We’re having a hurricane today, because of course we are. I said good morning to my Google Home, which is saying a lot because you know how I detest the phrase “good morning” or anything close to it, and yet that’s how you get your Google Machine—as my mother calls it—to tell you the news of the day. You have to say, “Good morning, Google” and every day my insides rankle. Then your Google Machine says, “Good morning. June.” or at least mine does. Then it tells you the weather, the headlines, you know the drill.
Today, Google Machine ended with, “A hurricane local statement has been issued. Have a good one.” And by the way, he won’t tell me WHAT the local statement is, and if you ask him, he defines what a local weather statement is. Computers. We don’t have them all mapped out yet.
Anyway, a hurricane. Sure. Sure, we are. Of course we are.
In my Little House series, not that I wrote them, there’s one book titled The Long Winter, and I hate to spoil things for you but there’s a long winter involved in the plot, a winter that actually happened. I mean, all winters actually happen, but I’m saying Laura Ingalls Wilder describes a horrific series of storms that really did hit her town in 1888.
This is a picture taken near her town with iPhone 1, where the snow is as tall as the damn train, which is what I might have titled my book instead of The Long Winter. Look at that tiny man atop the train. We’re talking snow.
What happened was, these storms would swirl up, starting in October, y’all. October. There was no pumpkin spice anything for Laura Ingalls Wilder, because out in the prairie, if there’s a blinding snowstorm, you have to stay home. If you’re wandering from, say, Ye Olde Starbucks to your house? If you miss your house because you can’t see due to the storm? You could just keep walking endlessly into the open prairie and freeze to death like Jack Nicholson at the end of The Shining.
Also I like how the 1888 coffee shop is Olde English. The coffee shop that polishes your furniture.
The snow storms of 1888 were relentless. They’d swirl and howl and refuse to wear a mask and carry on and Wi-Fi was spotty at best and everyone had to huddle in one room where the stove was. It would blow for days like my college roomate, then blissfully shut up, unlike my college roomate, then a day or so later another one would come. They had to tie a rope from the house to the stable so they wouldn’t get lost between them and do the dreaded walk of shame into the prairie.
Now we pay big money for cryotherapy to freeze. I’ll bet inflammation wasn’t a big deal on the prairie.
Eventually the trains could not get through and the whole town ran out of food and Laura and her family lived on just wheat UNTIL APRIL, and Ma’s keto was shot to hell.
My point of telling you all this is this: At one point Pa, who was mellow and cheerful and whom I loved as a kid and now when I read his antics I’m all, Jesus. Get it the fuck together, Pa. But anyway Pa, who was usually so happy-go-not-lucky, at one point stood up. He was full of wheat and rage. He shook his fist at the wind and said, come at us, motherfucker. Come at us. Go ahead and try. Then Laura allegedly sings some inspirational song that I feel certain was a plot embellishment from old Rose Wilder Lane, Laura’s daughter, who incidentally wrote a book called Let the Hurricane Roar and here we are full circle.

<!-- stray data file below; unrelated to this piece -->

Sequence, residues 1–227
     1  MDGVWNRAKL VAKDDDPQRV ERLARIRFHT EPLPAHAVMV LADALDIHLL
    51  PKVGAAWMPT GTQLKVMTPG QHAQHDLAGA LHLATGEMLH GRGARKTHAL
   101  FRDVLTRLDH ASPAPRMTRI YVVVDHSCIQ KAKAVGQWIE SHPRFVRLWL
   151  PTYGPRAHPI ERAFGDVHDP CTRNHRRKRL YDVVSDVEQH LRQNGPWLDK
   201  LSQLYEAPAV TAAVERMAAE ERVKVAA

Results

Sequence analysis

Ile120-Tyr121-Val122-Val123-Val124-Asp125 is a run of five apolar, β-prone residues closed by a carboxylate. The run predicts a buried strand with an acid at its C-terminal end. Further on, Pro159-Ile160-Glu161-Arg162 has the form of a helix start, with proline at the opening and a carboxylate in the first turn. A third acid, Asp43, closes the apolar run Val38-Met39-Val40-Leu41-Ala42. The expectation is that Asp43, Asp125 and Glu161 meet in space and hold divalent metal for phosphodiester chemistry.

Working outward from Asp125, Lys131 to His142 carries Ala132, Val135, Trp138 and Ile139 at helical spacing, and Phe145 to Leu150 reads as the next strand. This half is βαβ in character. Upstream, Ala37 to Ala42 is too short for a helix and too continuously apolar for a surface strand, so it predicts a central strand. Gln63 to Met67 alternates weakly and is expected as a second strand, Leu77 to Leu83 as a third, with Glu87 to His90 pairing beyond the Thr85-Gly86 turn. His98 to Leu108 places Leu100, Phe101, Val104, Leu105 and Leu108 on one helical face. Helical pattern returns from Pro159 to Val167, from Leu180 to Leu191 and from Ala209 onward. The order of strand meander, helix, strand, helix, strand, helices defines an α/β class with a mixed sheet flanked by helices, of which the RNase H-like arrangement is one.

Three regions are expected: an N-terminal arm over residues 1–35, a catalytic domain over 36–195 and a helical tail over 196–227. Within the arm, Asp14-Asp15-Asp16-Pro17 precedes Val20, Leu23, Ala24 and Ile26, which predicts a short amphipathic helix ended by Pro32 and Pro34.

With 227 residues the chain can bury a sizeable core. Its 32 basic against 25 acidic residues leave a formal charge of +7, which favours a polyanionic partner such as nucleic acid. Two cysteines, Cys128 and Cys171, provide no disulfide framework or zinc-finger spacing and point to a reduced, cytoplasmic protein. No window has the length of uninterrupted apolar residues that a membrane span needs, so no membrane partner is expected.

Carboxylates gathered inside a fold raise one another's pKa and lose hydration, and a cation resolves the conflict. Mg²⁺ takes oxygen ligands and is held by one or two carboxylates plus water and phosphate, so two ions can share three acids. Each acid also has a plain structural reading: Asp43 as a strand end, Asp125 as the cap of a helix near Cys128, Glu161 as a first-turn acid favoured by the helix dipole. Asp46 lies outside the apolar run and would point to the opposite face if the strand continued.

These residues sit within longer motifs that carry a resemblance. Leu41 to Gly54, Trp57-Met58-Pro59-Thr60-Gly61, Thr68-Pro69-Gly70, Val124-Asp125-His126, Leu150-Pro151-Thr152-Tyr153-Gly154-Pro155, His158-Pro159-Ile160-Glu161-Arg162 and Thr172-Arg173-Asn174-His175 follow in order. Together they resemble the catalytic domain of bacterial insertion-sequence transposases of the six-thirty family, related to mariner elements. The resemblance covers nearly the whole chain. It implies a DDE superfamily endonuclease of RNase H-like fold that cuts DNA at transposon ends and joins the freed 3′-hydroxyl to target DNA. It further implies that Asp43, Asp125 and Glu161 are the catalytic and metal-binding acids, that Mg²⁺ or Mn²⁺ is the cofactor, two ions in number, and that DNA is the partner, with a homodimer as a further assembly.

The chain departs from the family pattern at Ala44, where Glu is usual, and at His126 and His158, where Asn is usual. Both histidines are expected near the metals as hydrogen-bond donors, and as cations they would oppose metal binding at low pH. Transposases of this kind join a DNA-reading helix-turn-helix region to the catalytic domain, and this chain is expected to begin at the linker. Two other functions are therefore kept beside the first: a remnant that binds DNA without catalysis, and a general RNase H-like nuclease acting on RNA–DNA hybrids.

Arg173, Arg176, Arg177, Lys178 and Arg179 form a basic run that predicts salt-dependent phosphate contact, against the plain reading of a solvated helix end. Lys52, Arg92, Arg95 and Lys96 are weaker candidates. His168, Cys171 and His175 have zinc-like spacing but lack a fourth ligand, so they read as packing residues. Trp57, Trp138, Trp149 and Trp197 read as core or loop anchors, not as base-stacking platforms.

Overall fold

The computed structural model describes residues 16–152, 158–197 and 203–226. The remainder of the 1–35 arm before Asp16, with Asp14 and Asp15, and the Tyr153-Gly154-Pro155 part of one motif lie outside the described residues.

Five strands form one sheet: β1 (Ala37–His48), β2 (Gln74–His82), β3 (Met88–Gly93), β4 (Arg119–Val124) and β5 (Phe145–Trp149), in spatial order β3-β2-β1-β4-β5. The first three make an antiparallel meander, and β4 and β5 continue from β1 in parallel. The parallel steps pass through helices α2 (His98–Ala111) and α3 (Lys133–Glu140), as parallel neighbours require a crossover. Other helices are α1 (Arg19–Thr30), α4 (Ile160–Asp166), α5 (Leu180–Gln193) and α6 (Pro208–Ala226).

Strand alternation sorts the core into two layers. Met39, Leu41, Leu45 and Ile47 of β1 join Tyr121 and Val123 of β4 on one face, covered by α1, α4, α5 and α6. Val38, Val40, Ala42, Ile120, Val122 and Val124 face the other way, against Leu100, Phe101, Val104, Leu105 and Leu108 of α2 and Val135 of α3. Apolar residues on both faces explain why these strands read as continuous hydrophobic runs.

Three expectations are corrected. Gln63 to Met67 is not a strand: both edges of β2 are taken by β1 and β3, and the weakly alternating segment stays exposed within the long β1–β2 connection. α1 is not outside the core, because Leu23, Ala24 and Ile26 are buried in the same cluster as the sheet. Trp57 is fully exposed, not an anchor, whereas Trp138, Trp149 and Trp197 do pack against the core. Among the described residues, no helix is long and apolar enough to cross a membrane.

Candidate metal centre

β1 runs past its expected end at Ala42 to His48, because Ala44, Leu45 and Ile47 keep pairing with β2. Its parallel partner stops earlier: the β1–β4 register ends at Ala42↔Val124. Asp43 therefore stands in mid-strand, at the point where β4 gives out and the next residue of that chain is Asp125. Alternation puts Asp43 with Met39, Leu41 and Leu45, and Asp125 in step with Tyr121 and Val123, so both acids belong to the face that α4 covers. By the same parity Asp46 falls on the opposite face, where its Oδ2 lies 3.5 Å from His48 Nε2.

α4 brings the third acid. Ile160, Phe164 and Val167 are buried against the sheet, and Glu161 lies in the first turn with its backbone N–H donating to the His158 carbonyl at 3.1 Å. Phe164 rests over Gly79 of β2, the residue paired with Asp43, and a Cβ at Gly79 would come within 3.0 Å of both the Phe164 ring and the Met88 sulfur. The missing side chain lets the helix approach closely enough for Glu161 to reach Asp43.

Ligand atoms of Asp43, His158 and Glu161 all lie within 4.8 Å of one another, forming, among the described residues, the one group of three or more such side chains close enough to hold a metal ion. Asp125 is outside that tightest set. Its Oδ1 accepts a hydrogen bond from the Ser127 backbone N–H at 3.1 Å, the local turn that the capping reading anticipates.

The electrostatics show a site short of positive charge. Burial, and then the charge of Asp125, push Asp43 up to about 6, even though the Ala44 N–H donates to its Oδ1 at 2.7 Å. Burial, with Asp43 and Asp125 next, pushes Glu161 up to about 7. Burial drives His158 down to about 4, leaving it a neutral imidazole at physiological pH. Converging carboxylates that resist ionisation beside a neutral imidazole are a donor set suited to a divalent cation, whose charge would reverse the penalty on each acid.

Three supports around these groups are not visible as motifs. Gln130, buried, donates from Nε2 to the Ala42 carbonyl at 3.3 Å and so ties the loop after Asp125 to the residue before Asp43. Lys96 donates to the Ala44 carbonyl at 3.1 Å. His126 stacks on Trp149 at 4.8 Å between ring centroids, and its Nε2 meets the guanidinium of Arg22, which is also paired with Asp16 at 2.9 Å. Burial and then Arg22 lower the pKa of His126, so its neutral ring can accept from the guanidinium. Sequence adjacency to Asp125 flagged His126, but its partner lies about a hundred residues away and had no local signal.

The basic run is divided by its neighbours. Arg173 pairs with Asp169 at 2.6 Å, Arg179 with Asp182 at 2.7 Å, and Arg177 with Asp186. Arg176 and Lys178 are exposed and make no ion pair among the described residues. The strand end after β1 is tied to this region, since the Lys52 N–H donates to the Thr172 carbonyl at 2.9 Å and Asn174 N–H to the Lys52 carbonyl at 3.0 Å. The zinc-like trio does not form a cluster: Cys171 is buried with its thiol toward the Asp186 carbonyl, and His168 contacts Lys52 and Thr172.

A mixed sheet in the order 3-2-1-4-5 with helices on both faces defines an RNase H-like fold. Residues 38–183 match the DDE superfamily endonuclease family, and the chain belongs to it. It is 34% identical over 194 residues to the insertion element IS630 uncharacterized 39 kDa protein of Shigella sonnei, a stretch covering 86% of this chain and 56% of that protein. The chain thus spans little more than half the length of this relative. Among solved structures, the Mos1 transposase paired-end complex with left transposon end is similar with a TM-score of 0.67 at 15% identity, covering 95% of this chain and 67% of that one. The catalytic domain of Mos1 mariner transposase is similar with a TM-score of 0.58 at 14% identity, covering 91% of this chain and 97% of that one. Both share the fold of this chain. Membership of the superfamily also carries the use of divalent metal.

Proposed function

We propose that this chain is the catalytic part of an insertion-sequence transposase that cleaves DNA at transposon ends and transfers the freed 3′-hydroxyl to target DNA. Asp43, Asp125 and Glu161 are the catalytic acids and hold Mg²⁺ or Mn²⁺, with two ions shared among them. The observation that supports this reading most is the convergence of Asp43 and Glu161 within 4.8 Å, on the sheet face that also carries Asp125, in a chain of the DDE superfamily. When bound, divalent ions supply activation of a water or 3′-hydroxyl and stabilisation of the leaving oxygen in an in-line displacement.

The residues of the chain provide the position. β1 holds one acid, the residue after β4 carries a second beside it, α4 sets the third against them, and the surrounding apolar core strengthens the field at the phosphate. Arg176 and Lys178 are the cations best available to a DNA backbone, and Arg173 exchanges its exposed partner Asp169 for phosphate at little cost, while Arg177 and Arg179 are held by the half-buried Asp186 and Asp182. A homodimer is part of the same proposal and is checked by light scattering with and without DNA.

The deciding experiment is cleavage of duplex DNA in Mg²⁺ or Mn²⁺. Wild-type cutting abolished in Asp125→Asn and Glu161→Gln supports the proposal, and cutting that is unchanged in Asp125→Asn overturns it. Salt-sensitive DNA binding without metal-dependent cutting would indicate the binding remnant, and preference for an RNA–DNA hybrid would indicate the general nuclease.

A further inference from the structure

And that’s how I feel about a hurricane during a pandemic. Oh, let the damn hurricane roar. Stop trying to fucking scare me with everything. If everything’s a priority, nothing’s a priority. Cut it out.
As I typed this, daring whatever to come my way, poor Iris just threw up all over the vintage tablecloth I washed and ironed two days ago. Also, that was the last of her food, and I have to put on a mask and my haz-mat suit and get her more later today if there’s not a hurricane blowing through town. So now she’s meowing for food and I’m all, You just HAD food. It was there in your stomach. If you’d keep things in their rightful place you wouldn’t be in this dilemma.
I did call the vet about her yesterday, and the chippie who answered said she didn’t think they HAD ear gel there, but that she’d ask the vet and call me back but she never did. I know they will call me eventually this week, with the more detailed labs, and now I am picturing a yellow Lab with great attention to detail. Sort of a Lottie Blanco Lab. Labby Blanco.
If you were going to get a Lab, would you get yellow, black, red or the controversial silver? I saw a silver Lab puppy once and I have never forgotten how beautiful it was.
Anyway, I have to go. The Poet and I are splitting a magazine this week. She doesn’t work Mondays, so they sent it to me to start it, and I worked on it all day yesterday. I am hoping to get a few more pages done before she gets to work, and by “gets” I mean she turns on her computer. My goal is for her to say, “Oh, wow, I don’t have to do much of this at all!”
Then she’ll wander into the prairie with her celebratory Olde Spice latte, never to be seen again.